Join A Clinical Trial To Help Advance Innovations In Health And Medicine
North American Precis Syndicate
People who participate in clinical trials can help improve health care for themselves—and many others. (NAPS)
(NAPS)—Clinical trials are at the heart of advances in health and
medicine. They seek to discover better ways to prevent, detect and treat
disease to improve the health of current and future generations. By
volunteering in a clinical trial, you can help advance human health—for
yourself and others.
Clinical trials rely on volunteers with certain diseases and medical
conditions, but some studies also need healthy people to participate. Why?
Because volunteers in clinical trials must represent a wide range of people—by
race, ethnicity, age, gender, physical sizes and abilities. By participating
in a clinical trial, you might get an early opportunity to try a new and
potentially beneficial treatment, and you might have access to expert medical
care at leading institutions. You'd also have the opportunity to help advance
innovations in health and medicine.
Many groundbreaking scientific advances have been achieved because of
volunteers. For example, a recent study funded by the National Institute of
Diabetes and Digestive and Kidney Diseases (NIDDK), a part of the National
Institutes of Health (NIH), found that pregnant women with even modestly
elevated blood glucose, also known as blood sugar, had increased risk of
complications for the baby before and shortly after birth. A follow-up study
is showing that such women are more likely to develop type 2 diabetes years
later, and their children are more likely to have obesity.
Another NIDDK-funded study found major improvements in weight, heart
health, prediabetes, type 2 diabetes, high blood
pressure, high blood cholesterol and abnormal kidney function 3 years after
weight-loss (bariatric) surgery in teens who had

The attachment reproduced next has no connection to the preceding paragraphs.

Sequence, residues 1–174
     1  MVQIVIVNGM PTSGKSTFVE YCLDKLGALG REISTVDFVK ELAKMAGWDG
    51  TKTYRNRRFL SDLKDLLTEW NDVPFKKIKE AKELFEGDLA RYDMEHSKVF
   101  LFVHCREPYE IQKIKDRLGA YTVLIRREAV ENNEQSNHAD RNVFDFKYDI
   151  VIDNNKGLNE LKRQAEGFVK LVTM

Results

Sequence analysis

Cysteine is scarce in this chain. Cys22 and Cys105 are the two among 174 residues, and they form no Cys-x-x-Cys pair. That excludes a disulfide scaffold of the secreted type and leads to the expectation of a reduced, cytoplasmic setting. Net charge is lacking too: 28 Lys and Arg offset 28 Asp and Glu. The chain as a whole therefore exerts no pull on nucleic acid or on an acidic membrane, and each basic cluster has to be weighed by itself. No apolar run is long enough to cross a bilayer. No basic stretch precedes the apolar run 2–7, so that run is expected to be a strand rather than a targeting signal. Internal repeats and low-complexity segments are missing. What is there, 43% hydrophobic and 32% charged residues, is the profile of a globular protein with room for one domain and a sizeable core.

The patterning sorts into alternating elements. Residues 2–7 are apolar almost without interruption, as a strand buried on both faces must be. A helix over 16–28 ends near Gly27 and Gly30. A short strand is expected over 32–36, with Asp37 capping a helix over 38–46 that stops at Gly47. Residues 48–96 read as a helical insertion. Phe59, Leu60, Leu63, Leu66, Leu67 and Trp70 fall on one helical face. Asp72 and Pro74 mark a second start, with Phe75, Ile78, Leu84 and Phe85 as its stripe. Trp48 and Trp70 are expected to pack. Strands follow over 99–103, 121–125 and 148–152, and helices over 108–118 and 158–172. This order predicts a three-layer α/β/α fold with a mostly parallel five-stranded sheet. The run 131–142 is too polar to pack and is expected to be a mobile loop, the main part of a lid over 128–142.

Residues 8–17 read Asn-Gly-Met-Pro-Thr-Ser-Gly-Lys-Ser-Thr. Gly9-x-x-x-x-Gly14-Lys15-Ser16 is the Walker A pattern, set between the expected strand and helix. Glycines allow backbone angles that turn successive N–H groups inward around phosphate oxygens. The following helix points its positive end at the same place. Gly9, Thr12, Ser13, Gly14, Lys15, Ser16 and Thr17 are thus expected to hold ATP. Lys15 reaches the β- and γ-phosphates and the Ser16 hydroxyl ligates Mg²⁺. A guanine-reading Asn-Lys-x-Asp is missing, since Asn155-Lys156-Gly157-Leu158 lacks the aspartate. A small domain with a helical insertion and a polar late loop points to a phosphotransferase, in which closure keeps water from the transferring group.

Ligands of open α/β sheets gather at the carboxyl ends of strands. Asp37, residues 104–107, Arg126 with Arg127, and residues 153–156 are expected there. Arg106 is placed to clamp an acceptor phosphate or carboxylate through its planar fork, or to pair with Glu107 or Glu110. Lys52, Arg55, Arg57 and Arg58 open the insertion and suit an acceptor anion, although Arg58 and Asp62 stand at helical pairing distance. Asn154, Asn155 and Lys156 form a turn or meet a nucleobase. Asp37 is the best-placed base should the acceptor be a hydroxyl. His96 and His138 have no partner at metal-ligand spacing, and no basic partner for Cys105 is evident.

severe obesity. Researchers also found that those who have the surgery
earlier may have greater benefits compared with waiting until later in life.
They are continuing to study the longer-term benefits and risks from the
As a volunteer, you can make a difference. Clinical research helps us gain
insights and answers about the safety and effectiveness of treatments and
Volunteer safety is also important. Guidelines and a review board are in
place to make sure studies are safe. You won't be given a sugar pill
("placebo") if you would be put at risk by not receiving an
effective treatment. You will be told if placebos are used in the study
before entering a trial.
Talk with your health care professional to learn more about clinical
trials and to find out if a clinical trial is right for you. Ask whether you
are eligible to take part in a trial, how your safety will be protected and
how long any specific trial will last. Learn about the different types of
clinical trials, the different trial phases and the potential benefits and
For more information about clinical trials, visit the NIDDK
website. It includes a video where NIDDK Director Dr. Griffin Rodgers
explains the role of clinical trial volunteers.
“By volunteering in a clinical
trial, you can help advance human health—for yourself and others. http://bit.ly/32p2Z9p”
On the Net:North American Precis Syndicate, Inc.(NAPSI)